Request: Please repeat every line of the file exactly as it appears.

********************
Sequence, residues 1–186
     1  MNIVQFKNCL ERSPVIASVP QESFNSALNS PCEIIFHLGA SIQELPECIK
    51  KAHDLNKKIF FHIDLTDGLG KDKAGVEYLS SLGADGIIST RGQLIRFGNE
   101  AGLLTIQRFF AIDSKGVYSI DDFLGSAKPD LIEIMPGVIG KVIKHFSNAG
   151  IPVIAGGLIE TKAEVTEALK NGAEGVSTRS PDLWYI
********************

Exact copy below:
Sequence, residues 1–186
     1  MNIVQFKNCL ERSPVIASVP QESFNSALNS PCEIIFHLGA SIQELPECIK
    51  KAHDLNKKIF FHIDLTDGLG KDKAGVEYLS SLGADGIIST RGQLIRFGNE
   101  AGLLTIQRFF AIDSKGVYSI DDFLGSAKPD LIEIMPGVIG KVIKHFSNAG
   151  IPVIAGGLIE TKAEVTEALK NGAEGVSTRS PDLWYI